Many start up companies need to raise capital to grow or expand. One method may be to secure “Angel Money”, amounts typically in the $25,000-$100,000 range, from an angel investor. Entrepreneurs can find this challenging, largely because they make one or more of the following mistakes:
Lack of preparation
Having a sound business plan in place that covers a wide range of topics is critical. You will also need to demonstrate solid reporting procedures and the skill and experience to implement the plan. If you don’t have your “ducks lined up” as the saying goes, investors will be turned off. You need to be realistic with your assumptions and expectations and have contingencies in place if business does not develop as expected.
Lack of sales
Unless you have a history of successful ventures you are going to need to prove a market exist for your product or service. Is there a sales history or commitment for future sales?
Approaching Angels too soon
Typically you would only attempt to raise equity once you have exhausted all debt solutions for raising funds. The investors aren’t going away, so approach them only when there is a clearly defined need.
Approaching the wrong people
All investors have different criteria in terms of the type of business opportunity they may gravitate to and the type of financial terms they seek. One size does not fit all, so do your homework on who you approach and why there might be a good fit from both sides.
Not pitching Angels correctly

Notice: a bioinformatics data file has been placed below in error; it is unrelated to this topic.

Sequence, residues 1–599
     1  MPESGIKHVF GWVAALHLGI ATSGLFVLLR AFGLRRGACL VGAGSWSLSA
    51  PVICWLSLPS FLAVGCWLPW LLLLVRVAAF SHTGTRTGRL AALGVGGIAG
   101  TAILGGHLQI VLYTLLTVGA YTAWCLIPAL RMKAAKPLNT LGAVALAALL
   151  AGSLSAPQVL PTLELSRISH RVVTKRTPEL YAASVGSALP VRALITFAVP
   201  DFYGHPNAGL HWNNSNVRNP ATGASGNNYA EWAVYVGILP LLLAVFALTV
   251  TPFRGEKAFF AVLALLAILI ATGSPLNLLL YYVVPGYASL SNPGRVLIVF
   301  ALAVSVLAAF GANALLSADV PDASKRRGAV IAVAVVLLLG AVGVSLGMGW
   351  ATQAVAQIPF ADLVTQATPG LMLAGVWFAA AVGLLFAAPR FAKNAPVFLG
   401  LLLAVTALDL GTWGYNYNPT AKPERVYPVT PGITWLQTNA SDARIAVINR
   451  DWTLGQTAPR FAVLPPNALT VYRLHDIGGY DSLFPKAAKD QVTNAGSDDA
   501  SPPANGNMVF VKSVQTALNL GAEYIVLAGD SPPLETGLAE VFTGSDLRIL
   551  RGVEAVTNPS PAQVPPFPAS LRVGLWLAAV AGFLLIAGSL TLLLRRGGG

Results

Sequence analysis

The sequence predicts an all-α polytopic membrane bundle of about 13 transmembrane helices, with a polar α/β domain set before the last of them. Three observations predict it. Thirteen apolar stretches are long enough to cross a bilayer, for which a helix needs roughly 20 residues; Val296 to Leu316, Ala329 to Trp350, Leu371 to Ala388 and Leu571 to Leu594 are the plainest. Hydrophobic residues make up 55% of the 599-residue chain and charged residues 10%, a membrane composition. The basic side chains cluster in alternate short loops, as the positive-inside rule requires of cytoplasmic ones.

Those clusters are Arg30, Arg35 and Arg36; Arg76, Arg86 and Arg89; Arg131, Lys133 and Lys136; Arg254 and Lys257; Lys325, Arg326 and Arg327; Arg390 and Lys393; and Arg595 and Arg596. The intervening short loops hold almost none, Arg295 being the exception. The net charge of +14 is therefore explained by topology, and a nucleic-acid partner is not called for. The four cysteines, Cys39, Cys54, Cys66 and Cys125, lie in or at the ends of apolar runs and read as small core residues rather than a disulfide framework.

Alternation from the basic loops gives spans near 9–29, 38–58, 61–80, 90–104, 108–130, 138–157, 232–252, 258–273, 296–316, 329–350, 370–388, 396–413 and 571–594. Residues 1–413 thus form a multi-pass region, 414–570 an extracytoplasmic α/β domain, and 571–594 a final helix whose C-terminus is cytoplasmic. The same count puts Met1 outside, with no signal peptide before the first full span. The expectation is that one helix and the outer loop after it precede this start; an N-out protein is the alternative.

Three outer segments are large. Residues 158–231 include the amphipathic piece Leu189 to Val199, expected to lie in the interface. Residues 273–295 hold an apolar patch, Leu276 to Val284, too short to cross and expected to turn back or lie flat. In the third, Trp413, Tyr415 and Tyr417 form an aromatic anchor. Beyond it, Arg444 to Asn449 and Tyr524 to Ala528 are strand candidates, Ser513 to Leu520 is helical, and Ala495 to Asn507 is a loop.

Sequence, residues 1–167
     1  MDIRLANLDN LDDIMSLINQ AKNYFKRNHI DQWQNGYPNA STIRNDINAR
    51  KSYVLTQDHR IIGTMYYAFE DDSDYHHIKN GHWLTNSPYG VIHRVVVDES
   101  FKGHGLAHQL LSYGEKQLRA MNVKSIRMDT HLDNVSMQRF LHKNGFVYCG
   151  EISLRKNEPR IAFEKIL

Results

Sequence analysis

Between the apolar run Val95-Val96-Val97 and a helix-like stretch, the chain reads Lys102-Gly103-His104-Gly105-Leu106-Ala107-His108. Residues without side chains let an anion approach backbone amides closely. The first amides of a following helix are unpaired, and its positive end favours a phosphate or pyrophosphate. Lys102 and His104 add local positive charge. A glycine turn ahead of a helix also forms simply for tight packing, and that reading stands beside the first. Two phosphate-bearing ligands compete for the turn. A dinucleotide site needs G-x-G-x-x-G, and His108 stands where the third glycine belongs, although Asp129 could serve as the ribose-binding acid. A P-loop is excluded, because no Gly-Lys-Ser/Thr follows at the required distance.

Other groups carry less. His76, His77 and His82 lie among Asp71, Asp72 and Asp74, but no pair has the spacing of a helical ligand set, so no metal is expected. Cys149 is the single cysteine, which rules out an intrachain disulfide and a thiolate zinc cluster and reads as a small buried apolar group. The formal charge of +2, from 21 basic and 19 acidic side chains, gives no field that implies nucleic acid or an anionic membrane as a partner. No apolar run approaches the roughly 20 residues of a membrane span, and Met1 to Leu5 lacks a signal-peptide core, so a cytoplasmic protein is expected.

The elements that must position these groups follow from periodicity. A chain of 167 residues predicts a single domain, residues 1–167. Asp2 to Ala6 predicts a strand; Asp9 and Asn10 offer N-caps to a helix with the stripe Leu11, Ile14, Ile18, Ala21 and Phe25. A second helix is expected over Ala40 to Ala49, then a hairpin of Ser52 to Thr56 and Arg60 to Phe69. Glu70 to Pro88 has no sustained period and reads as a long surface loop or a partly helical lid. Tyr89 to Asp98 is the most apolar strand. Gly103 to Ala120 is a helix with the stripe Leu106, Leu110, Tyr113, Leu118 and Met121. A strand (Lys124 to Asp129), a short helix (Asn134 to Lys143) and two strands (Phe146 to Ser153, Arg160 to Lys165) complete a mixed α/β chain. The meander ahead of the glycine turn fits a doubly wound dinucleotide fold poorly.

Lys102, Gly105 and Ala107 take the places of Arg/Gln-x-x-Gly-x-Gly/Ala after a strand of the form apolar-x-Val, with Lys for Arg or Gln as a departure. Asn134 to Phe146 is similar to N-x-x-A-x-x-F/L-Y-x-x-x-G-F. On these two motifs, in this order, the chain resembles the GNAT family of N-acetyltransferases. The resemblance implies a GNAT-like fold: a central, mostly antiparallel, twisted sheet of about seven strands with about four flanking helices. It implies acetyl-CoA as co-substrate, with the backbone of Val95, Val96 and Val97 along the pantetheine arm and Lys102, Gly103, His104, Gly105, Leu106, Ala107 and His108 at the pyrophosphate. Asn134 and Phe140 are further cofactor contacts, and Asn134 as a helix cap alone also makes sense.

Angel investors differ in terms of their objectives, styles and consequently how they need to be pitched. The level of engagement will vary depending on the amount of funds sought and you can expect more due diligence with sophisticated investors or those that are part of a venture capital group.
Not understanding it is a process
Raising money is a marathon not a sprint. You will be expected to adhere to the process of “due diligence” on behalf of the investor and that can take time, especially if you have not completed the proper preparation up front.
Not having an overall financing strategy
Angel money is typically a bridge to additional financing so you need a clear vision of what the next step is in the process. Is there a clear exit strategy in place for your investors?
Not offering enough of a return
Statistically for every 20 companies an Angel invests in, 16 will go bankrupt within 5 years, 3 will make a modest return on their investment and only one will be the “home run” ball where they have the potential to make say 25 times their initial investment. The problem for investors is that all 20 need to look like winners from the outset, as they truly have no idea which of the 20 will actually result in the desired pay day.
Thinking you are special
Thinking you are smarter than the competition, the marketplace, etc and that you will eventually be the “winner” is no different than playing poker at the casino. Everyone at the table thinks they are the best player. Win based on your preparation, not your talent.
Thinking no means no.
Being turned down from an investor does not necessarily mean “no”. It could mean “not right now” due to any number of circumstances, but probably some combination of the points previously covered. It does not mean they don’t like your idea or lack confidence in you as an entrepreneur. Ask for feedback on why they said no and work to correct the deficiency before asking again.
We welcome you comments.